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Three Devs & A Maybe Podcast:
The Big Five-Zero
November 21, 2014 @ 09:23:30

The Three Devs and a Maybe podcast has released their latest episode, #50! In the Big Five-Zero hosts Michael Budd, Fraser Hart, Lewis Cains and Edd Mann talk about a wide range of topics including web unicorns, application composition and the state of CodeIgniter 3.

This week we celebrate the 50th episode of the podcast in style, by... not even remembering it is the 50th episode till half way through (whoops). We start off discussion with our differing views on working from home, web unicorns and running shoes. Leading on from this, we bring up a couple of news topics that have been making the rounds in the PHP world recently - along with a proposed Unix command-line series that Mick is keen to do. We then move on to some of the great feedback we have received from you guys this past week, and somehow this leads to Edd rambling on about the Unix philosophy/application composition again. Finally, we discuss the state of CodeIgniter 3, how Git works under-the-hood and Objective-C/Swift's memory management model.

Other topics mentioned in this episode include:

You can listen to this latest episode either via the in-page player or by downloading the full mp3. If you enjoy the show, consider subscribing to their feed too.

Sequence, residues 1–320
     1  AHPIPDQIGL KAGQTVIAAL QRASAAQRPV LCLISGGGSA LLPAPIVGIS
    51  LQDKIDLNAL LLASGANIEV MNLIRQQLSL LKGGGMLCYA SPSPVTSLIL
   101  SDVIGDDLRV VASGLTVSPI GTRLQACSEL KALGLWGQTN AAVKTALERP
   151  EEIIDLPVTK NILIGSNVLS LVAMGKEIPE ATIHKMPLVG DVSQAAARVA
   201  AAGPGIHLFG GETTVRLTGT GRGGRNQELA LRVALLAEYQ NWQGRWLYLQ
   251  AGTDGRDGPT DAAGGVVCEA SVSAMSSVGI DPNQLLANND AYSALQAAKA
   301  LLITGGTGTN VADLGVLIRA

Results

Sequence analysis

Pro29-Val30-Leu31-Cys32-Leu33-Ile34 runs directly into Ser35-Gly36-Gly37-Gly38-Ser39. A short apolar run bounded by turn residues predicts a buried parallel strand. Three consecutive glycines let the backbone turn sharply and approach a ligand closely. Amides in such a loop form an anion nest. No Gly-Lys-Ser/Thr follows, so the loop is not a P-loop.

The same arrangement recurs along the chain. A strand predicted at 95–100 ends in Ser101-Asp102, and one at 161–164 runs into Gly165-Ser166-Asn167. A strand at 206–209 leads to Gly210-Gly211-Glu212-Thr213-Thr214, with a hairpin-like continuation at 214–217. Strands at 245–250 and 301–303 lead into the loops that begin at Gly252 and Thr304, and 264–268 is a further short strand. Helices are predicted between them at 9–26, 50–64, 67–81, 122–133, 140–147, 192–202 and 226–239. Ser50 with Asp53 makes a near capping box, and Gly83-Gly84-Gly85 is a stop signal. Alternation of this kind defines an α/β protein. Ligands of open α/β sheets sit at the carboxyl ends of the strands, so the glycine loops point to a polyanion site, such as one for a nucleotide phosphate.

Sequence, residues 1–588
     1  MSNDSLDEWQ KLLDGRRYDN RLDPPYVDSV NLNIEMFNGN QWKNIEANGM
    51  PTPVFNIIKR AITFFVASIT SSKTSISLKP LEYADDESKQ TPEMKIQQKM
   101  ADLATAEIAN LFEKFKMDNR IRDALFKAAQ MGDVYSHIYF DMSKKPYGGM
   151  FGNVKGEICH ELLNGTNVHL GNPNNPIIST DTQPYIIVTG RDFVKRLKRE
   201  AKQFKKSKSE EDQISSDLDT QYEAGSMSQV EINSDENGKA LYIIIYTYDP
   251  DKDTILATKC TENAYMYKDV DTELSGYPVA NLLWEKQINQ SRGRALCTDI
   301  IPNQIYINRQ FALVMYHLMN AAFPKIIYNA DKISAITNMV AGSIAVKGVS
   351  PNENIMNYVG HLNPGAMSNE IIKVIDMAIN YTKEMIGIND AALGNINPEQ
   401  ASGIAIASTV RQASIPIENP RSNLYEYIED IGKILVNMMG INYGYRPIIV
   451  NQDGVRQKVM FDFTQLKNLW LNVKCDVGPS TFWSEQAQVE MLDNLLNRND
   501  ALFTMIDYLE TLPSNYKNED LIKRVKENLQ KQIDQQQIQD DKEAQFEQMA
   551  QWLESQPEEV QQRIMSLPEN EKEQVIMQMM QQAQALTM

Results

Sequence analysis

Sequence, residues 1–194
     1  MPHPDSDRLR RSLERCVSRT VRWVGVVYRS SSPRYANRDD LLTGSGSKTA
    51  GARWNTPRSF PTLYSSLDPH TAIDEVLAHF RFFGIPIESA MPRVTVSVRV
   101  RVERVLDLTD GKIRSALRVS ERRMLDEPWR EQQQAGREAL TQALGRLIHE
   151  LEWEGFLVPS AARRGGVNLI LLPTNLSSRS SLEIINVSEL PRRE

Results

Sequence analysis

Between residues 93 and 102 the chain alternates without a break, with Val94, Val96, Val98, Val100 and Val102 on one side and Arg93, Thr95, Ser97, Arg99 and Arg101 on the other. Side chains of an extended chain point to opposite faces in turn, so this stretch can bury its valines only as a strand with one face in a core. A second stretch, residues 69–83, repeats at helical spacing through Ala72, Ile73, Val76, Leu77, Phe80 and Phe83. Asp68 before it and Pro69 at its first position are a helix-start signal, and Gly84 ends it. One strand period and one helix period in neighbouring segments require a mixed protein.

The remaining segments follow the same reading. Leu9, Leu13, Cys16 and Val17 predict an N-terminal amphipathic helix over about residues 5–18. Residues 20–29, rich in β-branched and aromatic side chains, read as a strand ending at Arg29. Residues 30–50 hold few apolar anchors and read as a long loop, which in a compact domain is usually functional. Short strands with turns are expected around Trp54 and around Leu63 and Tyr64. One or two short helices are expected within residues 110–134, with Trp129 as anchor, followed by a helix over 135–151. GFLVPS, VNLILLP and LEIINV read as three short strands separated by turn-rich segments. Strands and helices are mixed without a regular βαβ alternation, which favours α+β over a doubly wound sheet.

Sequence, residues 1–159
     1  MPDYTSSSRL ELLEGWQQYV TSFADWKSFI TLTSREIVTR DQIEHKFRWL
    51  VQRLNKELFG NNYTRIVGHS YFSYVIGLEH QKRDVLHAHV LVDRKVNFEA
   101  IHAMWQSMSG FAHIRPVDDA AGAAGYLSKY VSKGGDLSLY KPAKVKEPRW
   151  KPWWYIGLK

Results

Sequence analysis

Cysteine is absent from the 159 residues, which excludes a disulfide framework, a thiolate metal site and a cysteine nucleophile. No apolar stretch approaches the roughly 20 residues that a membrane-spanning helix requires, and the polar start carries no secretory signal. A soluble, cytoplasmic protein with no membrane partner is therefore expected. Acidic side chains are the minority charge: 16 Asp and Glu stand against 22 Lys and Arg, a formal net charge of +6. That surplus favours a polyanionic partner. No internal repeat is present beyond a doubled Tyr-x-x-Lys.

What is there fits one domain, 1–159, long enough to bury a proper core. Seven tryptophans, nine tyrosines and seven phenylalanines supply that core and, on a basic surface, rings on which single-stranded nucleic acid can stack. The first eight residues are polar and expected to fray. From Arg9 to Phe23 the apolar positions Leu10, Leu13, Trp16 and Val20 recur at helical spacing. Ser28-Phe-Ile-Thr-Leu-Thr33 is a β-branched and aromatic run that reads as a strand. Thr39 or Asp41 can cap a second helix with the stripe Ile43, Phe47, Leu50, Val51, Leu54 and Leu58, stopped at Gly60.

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threedevsandamaybe podcast ep50 news unix codeigniter3 git objectivec swift

Link: http://threedevsandamaybe.com/the-big-five-zero/

Three Devs & A Maybe Podcast:
I Want You Back
November 10, 2014 @ 09:19:34

The Three Devs and a Maybe podcast is back with their latest episode hosted by Michael Budd, Fraser Hart, Lewis Cains and Edd Mann. In episode #48, "I Want You Back", they talk about a wide range of topics including currency, git and passwords.

Two weeks in the making, we are finally back with another podcast installment. This week we touch upon the Unix philosophy, client drama, and shiny new MacBook Pros. We then move on to discuss the security concerns that have arisen from the introduction of contactless payment systems. Leading on from this we talk about the YubiKey and how it can be used to provide two-factor authentication, for services such as LastPass. Finally, we close with how 'tombstoning' your code trumps the dreaded commenting out every time.

You can listen to this latest episode either through the in-page player or by downloading the mp3 directly. If you enjoy the show, be sure to subscribe to their feed to get the latest episodes as their released!

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threedevsandamaybe podcast ep48 security yubikey git currency

Link: http://threedevsandamaybe.com/i-want-you-back/

SitePoint PHP Blog:
Deploy Your Website Using Laravel and Git
September 08, 2014 @ 09:28:50

The SitePoint PHP blog has a new tutorial by James Dow showing you how to use git and Laravel for application deployment. This isn't just about deploying a Laravel application, though. It includes a method for automating processes once the deployment is complete.

You can't be a successful web developer without using some sort of deployment workflow for your websites. It doesn't matter how good or bad your workflow might be. If you can't get your website up to production then your client will never pay you for your hard work. [...] I wanted something that was as easy as pushing a repository with Git. More important, I wanted to be in full control when pushing content live. I was able to find a similar workflow that used Git to handle the file transferring. On top of that I found out I could also use the PHP framework Laravel to automate the more repetitive tasks.